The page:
A primary objective for Dean Brownlie on the England tour is to avoid being typecast as a test batsman who scores runs only on hard, fast wickets.
A statistical glance suggests this: in 12 tests Brownlie has played 21 innings, scoring 656 runs at 32.80. Eight innings came on Australian - he played at age-group level for Western Australia - and South African pitches, noted for prodigious bounce and carry. On those wickets, he has 368 runs at 52.57. In the remaining 13 innings across New Zealand, the West Indies and Zimbabwe his aggregate is 288 runs at 22.15.
So there is a point to prove ...
Brownlie is redressing this. He started with 71 in the first innings of the win against Derbyshire - the second top score behind BJ Watling's 77.
"I don't want to be pigeon-holed as only good on hard and fast pitches. There is still bounce and carry in England but I think the key is to hold back and play the ball under your eyes.
"England has a quality seam attack - that creates a real challenge because over here the [Duke] ball's not just swinging in the first 10-15 overs, it's often the full 80."
Brownlie exudes a quiet confidence about his England chances as he contemplates batting at No5 in the first test at Lord's, starting Thursday night. He acknowledges competition from Martin Guptill and Tom Latham is keeping him focused.
Brownlie has form in England. He had a successful 2003 season in Kent playing with the Whitstable club and intends to catch up with a few ex-clubmates when he gets some downtime. The Whitstable Times were still gushing about him as a favourite son in January, describing him as "a shining light" after he saved New Zealand further humiliation with his maiden test century in Cape Town after 'the 45'.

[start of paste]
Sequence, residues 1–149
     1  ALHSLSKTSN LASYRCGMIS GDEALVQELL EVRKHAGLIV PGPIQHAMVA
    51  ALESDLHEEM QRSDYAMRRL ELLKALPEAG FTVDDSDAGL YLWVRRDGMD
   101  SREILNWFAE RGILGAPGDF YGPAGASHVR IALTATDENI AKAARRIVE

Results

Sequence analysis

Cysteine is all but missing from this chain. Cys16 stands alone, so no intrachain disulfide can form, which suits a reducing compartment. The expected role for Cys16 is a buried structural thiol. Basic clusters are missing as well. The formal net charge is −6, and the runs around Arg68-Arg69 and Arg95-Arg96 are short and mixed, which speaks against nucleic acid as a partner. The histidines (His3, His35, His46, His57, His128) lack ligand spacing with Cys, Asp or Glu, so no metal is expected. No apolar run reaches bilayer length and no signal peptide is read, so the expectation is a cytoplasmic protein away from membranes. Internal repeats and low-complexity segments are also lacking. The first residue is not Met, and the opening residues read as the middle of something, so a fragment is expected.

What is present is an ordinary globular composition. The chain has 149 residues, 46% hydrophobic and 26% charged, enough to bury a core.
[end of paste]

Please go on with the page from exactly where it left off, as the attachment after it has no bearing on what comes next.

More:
Speaking to the Herald on Sunday in November 2011, Whitstable club stalwart and groundsman Mike Tritton remembers in a one-dayer against rivals Lordswood, Brownlie hit 53 off 15 balls.
"I think the 50 might've come up in 12," Tritton said, happily fuelling the yarn about his housemate that summer.
Redeemed test opener and then-Canterbury captain Peter Fulton has also been impressed since Brownlie decided to seek his fortune in Christchurch during 2009, courtesy of father Jim's New Zealand passport.
"He always looked like he belonged but I think it is forgotten what a courageous decision it was to make the move."
Modesty prevents Brownlie reliving past glories. However, since the 28-year-old's original international selection in December 2010, the Herald on Sunday has asked several players and identities close to the team about Brownlie's attitude and commitment. The responses have unanimously endorsed him.
Brownlie is looking forward to debuting at Lord's and the associated pampering, such as freshly laundered whites each morning and a gourmet lunch menu.
"I'll be happy with anything once I get in that dressing room," Brownlie says. However, he acknowledged getting his name permanently etched on the visitors' honours board is top priority.